95. Other states that consid ered employer mandates during this years legislative session included California, Flor ida, New York, and Pennsylvania. None of the bills, however, passed PLAY OR PAY HAWAIIAN STYLE Hawaii is the only state ever to mandate directly that employers pay for health insur ance for their worker s . Under Hawaiis 1974 Prepaid Health Care Act (PHCA) employ ers must cover all workers who complete at least four consecutive weeks of work, who work at least twenty hours per week, and whose monthly wage is at least 86.67 times the minimum hourly wage. Th e insurance benefits must equal or exceed a state-de fined package of minimum benefits. The employeespmium contribution cannot ex ceed 1.5 percent of his or her gross income, and co-payments and deductibles also are limited. Each employee must be given the option of purchasing dependent coverage but the employer is not required to pay for this coverage.

The Hawaii statute grants few exceptions to these general rules. Government em ployees, seasonal farm workers, and small businesses, comprised of family mem bers for instance, are exempt from the law. So are employers with fewer than eight employ ees. Some firms qualify as economic hardship cases and may receive state subsidies to help with the cost of coverage. But the criteria for such cases are extremely n a rrow and in practice few companies qualify cal, medical, and emergency care; home, office and hospital physician visits; most common diagnostic services; and maternity benefits. The Hawaii law was amended in 1976 to add coverage for drug and alcohol abuse treatment to the minimum package.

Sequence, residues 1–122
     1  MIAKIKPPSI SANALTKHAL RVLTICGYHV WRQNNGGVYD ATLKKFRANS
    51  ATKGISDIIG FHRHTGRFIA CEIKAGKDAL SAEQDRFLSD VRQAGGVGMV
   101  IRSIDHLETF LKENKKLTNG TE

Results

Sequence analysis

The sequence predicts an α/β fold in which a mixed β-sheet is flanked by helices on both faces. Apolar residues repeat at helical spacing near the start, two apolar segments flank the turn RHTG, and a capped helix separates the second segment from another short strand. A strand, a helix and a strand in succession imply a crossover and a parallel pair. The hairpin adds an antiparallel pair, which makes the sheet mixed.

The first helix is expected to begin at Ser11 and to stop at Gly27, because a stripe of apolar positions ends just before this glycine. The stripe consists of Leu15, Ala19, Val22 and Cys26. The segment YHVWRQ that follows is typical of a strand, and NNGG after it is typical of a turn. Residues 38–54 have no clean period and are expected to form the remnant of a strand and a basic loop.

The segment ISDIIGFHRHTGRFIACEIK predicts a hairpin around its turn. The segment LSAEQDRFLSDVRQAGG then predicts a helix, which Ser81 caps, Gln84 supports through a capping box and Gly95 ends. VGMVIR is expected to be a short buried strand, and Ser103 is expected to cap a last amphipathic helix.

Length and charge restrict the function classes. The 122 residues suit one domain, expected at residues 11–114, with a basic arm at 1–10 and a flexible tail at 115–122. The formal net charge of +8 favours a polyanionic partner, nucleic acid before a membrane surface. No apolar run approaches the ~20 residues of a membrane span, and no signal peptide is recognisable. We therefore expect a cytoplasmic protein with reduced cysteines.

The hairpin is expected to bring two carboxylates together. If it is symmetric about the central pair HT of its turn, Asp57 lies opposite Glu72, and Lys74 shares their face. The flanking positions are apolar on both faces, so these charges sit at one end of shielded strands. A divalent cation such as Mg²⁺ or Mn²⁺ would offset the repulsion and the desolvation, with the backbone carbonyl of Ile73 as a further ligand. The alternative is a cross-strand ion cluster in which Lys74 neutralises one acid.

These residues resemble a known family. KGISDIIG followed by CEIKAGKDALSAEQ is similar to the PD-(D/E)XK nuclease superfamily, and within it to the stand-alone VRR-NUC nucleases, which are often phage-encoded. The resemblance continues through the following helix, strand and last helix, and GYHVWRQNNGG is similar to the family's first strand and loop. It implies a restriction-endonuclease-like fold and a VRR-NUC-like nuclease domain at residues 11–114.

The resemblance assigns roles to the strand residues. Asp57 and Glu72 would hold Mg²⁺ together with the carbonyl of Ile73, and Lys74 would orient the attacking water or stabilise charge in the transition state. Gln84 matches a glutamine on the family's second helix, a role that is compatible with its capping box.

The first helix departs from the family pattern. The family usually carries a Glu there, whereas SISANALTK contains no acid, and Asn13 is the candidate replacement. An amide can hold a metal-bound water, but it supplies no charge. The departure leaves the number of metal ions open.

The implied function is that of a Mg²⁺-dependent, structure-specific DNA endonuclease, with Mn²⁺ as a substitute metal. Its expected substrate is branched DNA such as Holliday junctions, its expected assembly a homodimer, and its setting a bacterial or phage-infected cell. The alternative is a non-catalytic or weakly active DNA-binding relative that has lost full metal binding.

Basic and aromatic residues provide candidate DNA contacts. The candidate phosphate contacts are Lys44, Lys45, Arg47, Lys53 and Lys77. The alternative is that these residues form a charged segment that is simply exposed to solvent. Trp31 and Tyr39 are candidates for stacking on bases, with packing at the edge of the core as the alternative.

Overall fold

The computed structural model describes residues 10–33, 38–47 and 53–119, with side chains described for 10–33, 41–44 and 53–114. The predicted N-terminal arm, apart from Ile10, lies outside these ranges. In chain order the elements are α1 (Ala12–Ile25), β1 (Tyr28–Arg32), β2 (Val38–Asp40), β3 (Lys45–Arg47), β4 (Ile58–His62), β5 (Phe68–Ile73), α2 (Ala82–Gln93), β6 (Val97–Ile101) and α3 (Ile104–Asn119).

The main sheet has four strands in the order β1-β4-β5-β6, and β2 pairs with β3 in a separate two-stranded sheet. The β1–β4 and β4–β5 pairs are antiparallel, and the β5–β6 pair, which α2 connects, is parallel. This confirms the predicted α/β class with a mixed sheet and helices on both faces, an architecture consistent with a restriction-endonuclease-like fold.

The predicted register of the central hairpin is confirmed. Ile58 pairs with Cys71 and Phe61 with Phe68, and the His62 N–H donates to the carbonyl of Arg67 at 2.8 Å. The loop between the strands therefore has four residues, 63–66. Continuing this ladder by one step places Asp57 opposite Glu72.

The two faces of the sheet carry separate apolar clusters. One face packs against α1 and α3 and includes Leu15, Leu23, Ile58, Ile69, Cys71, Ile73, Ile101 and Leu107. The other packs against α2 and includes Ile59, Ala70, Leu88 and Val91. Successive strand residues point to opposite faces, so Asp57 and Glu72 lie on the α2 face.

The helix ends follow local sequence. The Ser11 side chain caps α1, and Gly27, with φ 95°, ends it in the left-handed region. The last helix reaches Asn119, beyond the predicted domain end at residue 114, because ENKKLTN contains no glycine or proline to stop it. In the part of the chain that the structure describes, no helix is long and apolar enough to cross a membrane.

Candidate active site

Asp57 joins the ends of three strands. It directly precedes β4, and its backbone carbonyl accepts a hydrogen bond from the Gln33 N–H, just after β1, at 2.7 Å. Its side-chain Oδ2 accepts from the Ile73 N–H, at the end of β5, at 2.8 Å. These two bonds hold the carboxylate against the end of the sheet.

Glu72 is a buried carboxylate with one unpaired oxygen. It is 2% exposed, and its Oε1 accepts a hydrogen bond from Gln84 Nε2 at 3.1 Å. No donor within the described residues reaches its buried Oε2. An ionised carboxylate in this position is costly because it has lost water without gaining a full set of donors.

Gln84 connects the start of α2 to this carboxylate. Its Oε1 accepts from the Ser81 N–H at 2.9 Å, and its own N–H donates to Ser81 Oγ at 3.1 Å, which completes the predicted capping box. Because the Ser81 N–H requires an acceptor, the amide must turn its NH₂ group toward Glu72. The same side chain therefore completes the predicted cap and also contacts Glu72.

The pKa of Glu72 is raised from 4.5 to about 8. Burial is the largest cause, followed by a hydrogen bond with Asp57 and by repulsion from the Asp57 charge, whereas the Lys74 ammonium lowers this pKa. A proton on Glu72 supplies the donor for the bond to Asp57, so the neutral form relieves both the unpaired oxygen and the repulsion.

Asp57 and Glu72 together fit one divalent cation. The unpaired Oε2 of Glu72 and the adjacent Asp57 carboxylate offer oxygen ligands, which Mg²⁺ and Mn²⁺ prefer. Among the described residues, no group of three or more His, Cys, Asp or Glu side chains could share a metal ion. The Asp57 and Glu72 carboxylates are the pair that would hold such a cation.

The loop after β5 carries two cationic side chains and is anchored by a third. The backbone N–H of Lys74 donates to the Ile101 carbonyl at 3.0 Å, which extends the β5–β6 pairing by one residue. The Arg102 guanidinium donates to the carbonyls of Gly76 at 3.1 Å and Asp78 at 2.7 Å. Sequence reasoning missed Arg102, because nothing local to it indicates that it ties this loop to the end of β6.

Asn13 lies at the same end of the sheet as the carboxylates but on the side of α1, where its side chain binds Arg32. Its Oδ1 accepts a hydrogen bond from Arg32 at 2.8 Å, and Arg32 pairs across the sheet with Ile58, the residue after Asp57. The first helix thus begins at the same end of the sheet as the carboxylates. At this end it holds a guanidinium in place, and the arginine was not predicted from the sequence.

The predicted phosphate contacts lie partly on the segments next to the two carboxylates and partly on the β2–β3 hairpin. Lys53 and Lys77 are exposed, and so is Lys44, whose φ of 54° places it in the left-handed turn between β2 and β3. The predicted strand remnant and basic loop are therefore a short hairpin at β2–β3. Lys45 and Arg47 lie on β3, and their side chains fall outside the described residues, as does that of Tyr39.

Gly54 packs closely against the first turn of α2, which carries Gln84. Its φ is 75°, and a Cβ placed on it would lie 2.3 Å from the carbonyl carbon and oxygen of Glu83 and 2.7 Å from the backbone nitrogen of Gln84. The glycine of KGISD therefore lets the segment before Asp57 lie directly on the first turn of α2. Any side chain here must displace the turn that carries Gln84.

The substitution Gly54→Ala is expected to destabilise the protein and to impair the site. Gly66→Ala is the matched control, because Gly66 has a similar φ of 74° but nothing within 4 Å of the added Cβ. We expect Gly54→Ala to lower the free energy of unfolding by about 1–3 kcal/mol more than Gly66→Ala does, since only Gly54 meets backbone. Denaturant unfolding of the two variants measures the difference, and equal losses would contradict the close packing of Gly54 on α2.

The law has been amended further since 1983, adding to the minimum package cover age for certain child health services, in vitro fertilization, new mental health and psy chological services, and most mently, mammography.

Not a Full Mandate Hawaiis experiment with employer-mandated insurance has not achieved its goals of universal coverage and cost control. Nor can the program be credited with the fact that nearly 98 percent of Hawaiian workers now have health in surance. In fact, Hawaiian employers have had a long-standing practice of giving their employees health care, in large part as a way of attracting workers in what has been a very tight labor market. Some 90 percent of all Hawaiian workers were insured before enact m ent of the 1974 law! By some estimates, Hawaiis Prepaid Health Care Act The mandated minimum benefits include: 120 days of hospital care, outpatient surgi 3 added just 46,000 individuals to the health insurance rolls. The Hawaii statute, more over, does n ot mandate coverage of dependents, nor does it apply to the unemployed.